Who told you that you were naked?

 

This past week, I attended the General Assembly of the Presbyterian Church in Canada.  I was a Commissioner, or a delegate, from the Presbytery of East Toronto.  Each presbytery is able to send one sixth of its ministers and an equal number of elders to the Assembly.  So we met with other commissioners from across Canada to discuss and make decisions about matters that are of concern for the whole church.  The Assembly is a wonderful experience of connecting and reconnecting with other people in the church and getting a bigger picture of the life of our denomination in Canada and its connections around the world.

 

I think it is fair to say, though, that we arrived with a good deal of anxiety about this meeting.  For many years, and it could be said for several decades now, the Presbyterian Church has been struggling with issues related to human sexuality, and in particular the place of LGBTQI people in the church.  It is important to spell that out at least once to know who we are talking about when we use that particular alphabet soup:  Lesbian, Gay, Bisexual, Transgender, Queer or Questioning and Intersex.  Sometimes other letters are added including 2S for Two Spirited which is an Aboriginal term.  It is an attempt to include the whole spectrum of people who do not identify as heterosexual or cisgender.  Sorry if that is more confusing than clarifying.

 

Each year since the issue of the full inclusion of LGBTQI people in the church was raised by several Presbyteries four years ago, there has been an expectation that the Assembly will speak definitively on this issue – both from those who hold to the church’s traditional position that human sexual activity should only be expressed between a man and a woman who are married, and those who hold to the position that human sexual activity can be expressed between those in covenanted relationships whether with same sex or different sex partners.  The implications of this for marriage itself and for ordination to leadership roles in the church have been the major concerns.  This has divided the church and has also divided the committees that have been tasked with studying the issue and making recommendations.  There has been a great deal of discussion as to whether the denomination can stay together and, if there is a split, how the assets will be divided.  It has been a difficult few years for the church and once again this year, no definitive decision was reached at the Assembly.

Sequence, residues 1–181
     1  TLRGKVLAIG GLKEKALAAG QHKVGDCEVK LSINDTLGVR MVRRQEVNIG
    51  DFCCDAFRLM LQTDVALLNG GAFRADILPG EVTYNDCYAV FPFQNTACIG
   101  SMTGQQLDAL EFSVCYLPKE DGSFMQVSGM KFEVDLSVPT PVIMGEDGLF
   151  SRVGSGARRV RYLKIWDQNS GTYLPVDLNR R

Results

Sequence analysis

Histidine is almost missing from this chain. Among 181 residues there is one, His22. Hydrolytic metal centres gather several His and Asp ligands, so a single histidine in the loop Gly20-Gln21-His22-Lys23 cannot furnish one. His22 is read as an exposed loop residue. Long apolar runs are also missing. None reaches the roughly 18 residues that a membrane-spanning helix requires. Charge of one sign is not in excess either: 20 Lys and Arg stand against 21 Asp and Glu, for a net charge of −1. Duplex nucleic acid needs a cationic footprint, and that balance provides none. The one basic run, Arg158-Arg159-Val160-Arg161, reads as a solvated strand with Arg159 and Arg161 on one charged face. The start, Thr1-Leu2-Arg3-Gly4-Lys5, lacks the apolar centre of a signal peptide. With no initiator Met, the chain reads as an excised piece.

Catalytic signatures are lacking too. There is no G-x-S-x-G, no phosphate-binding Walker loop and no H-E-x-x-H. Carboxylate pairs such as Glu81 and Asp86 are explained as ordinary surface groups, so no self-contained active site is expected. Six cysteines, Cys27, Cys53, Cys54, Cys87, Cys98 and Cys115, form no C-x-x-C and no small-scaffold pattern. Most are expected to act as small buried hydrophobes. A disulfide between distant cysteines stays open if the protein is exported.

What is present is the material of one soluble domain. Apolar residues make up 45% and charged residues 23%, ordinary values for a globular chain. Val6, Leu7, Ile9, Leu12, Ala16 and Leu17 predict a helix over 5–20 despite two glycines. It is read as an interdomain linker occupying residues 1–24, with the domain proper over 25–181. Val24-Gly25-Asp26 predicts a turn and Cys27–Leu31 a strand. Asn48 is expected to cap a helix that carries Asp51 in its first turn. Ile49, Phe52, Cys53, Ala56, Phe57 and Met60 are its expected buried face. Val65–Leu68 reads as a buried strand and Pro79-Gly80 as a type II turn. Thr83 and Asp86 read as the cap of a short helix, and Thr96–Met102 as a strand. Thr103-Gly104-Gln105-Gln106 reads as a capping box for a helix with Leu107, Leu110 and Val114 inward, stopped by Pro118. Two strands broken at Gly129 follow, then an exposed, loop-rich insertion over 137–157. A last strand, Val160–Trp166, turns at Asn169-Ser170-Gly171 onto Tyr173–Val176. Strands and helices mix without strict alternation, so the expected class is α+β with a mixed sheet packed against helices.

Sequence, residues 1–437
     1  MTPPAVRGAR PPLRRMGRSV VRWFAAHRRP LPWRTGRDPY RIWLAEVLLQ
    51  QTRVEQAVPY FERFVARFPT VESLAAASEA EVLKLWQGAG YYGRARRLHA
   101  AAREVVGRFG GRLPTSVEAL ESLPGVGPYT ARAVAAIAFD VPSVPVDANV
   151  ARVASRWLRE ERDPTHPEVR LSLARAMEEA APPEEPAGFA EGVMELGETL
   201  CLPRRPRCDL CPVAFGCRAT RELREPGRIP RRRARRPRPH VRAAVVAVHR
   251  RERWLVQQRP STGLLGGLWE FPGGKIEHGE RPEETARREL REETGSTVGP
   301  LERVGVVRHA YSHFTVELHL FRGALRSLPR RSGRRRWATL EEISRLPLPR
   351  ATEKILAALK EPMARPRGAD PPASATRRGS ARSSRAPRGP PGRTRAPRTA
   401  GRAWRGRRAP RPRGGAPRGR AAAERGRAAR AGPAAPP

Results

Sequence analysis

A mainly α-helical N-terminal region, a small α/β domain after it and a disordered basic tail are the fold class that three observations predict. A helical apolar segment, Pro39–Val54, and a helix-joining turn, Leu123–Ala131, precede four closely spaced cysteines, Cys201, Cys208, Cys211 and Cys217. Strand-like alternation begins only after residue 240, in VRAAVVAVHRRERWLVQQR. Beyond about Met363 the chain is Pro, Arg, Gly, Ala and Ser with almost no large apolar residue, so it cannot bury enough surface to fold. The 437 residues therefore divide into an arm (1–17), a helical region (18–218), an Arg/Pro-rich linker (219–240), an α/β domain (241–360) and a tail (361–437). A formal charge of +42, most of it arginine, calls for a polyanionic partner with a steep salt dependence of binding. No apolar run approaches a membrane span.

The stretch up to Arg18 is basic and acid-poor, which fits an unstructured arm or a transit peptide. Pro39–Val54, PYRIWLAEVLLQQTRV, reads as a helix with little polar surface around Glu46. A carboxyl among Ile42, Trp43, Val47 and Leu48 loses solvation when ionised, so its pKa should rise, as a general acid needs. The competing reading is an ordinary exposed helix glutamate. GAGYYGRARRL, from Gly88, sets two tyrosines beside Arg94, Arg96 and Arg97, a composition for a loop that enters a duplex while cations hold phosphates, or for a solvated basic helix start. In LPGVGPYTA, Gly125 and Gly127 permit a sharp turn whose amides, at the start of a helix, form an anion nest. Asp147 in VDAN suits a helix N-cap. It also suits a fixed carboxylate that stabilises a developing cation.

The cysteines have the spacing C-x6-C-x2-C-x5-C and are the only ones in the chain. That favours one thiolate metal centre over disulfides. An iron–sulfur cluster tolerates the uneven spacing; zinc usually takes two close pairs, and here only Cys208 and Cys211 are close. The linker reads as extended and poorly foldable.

We don’t like to talk about sex in the church.  You maybe were a little squeamish when you read the title of today’s sermon and with what I have said so far.  Many think that sexuality is something to be expressed in private and talked about in private, not from the pulpit of St. Andrew’s Church or on the floor of the General Assembly.  Despite the sexual revolution of the 1960’s and the movements for women’s and gay liberation that have created a more inclusive and equal society in Canada and a context in which human sexuality is more openly discussed and expressed, the church has remained a place where we are reticent to move out of the restrictive framework of the past.  For so much of the history of the church, human sexuality has been seen as something sinful, in fact sometimes equated with sin, that is tolerated only in order to procreate and continue as a species.  It has been repressed.  And it is hard for us to know how to move beyond that repression.

 

The story we read in Genesis today has at times been at the heart of this dilemma.  You are probably familiar with it whether from hearing it read and reflected upon in church or from its use in our broader society and culture.  The story of the snake tempting the woman to eat the fruit that had been forbidden.  Her invitation to the man.  Their eyes being opened to recognize their nakedness.  Their shame before each other and, in today’s reading, their shame before God when God comes to walk in the garden.  And God’s question, “Who told you that you were naked?”  How often in literature and in art and in philosophy and in ethics is this story referenced?  Even for those who are not people of faith, this story is known.  It touches something deep inside us and clearly connects us to our bodies, to our sexuality, to our humanity.  The primary trajectory of interpretation has led the church to connect sex and our bodies with sin and the fall from grace and particularly to put blame on the woman as the temptress who led the man to disobedience.  In the dualistic world of Christian Platonism in the first centuries of the church, this led quickly to the distinctions of good and evil between the spirit and the body, male and female, the church and the world, spirituality and sexuality.